The local inhabitants, most especially the cute little Pufferbirds who you’ll find yourself constantly surrounded by, have their uses, too. Feed a Pufferbird some Grob – the metamorphological food paste – and it’ll very noisily poop out some carbon for you to collect, but you’ll also be forced to act in much more cruel ways, shepherding these cute little guys towards areas that are gated off by carnivorous Meat Vortex plants before lining them up and booting them up and into the jaws of the ever-hungry vortex in order to open the way forward.
This delightfully dark sense of humour pervades most aspects of the game, from your twisted engagements with local wildlife, the hilariously dark company adverts and CEO speeches you can watch back aboard your ship and the constant nagging and patronising of your AI companion E.K.O – who can be switched off if her brand of irritating Claptrap-esque comedy isn’t completely your cup of tea. Typhoon Studios have nailed a really nice mix of Borderlands-style swagger with the addictive resource gathering and exploration of No Man’s Sky, dungeons and puzzles of Zelda and some cleverly designed Metroidvania aspects.
This isn’t – as it may appear at the outset – some huge open world to endlessly roam around; it’s more a carefully designed series of bespoke areas that open up to you as you solve their puzzles, traverse their dungeons and acquire the tools necessary to push the game’s mystery forward. You still have plenty of freedom to wander – it’s just on a much smaller scale than in some of the games that have very obviously inspired it.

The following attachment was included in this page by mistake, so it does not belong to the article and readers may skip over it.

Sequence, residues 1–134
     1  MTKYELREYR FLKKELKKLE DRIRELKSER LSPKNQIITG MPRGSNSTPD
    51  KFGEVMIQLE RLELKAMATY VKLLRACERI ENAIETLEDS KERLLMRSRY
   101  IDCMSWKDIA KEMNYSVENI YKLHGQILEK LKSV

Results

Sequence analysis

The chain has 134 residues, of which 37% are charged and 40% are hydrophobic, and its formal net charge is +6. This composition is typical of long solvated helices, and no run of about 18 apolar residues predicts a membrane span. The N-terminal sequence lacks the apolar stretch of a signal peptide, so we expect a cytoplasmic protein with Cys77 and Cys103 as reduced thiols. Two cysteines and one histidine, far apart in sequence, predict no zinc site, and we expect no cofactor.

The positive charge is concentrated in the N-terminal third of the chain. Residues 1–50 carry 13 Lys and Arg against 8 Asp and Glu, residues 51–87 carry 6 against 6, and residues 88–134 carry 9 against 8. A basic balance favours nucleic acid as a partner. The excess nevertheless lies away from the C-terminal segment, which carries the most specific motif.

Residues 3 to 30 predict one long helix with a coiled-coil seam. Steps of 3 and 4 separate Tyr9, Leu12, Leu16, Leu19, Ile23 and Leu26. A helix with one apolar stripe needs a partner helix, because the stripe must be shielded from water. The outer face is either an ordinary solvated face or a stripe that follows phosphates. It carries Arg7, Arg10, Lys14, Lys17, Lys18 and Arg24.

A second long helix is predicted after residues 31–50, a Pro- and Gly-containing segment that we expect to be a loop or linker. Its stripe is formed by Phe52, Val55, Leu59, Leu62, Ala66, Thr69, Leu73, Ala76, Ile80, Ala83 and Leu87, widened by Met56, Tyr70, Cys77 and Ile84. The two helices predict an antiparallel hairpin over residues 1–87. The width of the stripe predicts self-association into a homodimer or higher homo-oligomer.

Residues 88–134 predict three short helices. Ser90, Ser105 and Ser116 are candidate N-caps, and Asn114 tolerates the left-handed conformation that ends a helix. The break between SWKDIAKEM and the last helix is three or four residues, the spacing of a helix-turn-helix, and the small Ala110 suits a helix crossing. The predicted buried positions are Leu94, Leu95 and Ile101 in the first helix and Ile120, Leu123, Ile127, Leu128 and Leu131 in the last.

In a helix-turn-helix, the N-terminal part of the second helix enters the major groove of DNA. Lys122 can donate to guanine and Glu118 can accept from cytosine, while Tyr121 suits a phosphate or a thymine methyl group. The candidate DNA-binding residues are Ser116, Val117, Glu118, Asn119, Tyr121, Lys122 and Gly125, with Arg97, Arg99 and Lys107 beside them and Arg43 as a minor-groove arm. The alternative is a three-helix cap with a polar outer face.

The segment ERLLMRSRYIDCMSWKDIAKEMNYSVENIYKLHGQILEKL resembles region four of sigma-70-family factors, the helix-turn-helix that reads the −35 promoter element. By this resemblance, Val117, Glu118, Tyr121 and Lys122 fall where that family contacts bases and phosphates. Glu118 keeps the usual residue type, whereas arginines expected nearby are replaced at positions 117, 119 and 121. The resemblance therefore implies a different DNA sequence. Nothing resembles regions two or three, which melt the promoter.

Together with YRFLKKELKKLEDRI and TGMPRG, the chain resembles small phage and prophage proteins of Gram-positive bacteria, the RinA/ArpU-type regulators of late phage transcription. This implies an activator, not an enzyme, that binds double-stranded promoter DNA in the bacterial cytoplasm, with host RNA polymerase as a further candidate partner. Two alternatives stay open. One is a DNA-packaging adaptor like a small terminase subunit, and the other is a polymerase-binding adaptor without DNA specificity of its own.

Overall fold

It also doesn’t outstay its welcome and we blew through the campaign – without finding all of the collectible goo pods and fuel cannisters or completely filling out our Kindex – in about ten hours, although we reckon this could easily stretch to around double this time if you’re looking to complete all the side missions and scientific research requests. It’s also completely playable in co-op, something we haven’t had the chance to try in this Switch version. Indeed, you can explore the entirety of ARY-26 and solve its mysteries with a friend online and, although we can’t help feeling like this style of space adventure is one which suits a lonesome solo experience better, it’s still a great option for those who wish to party up.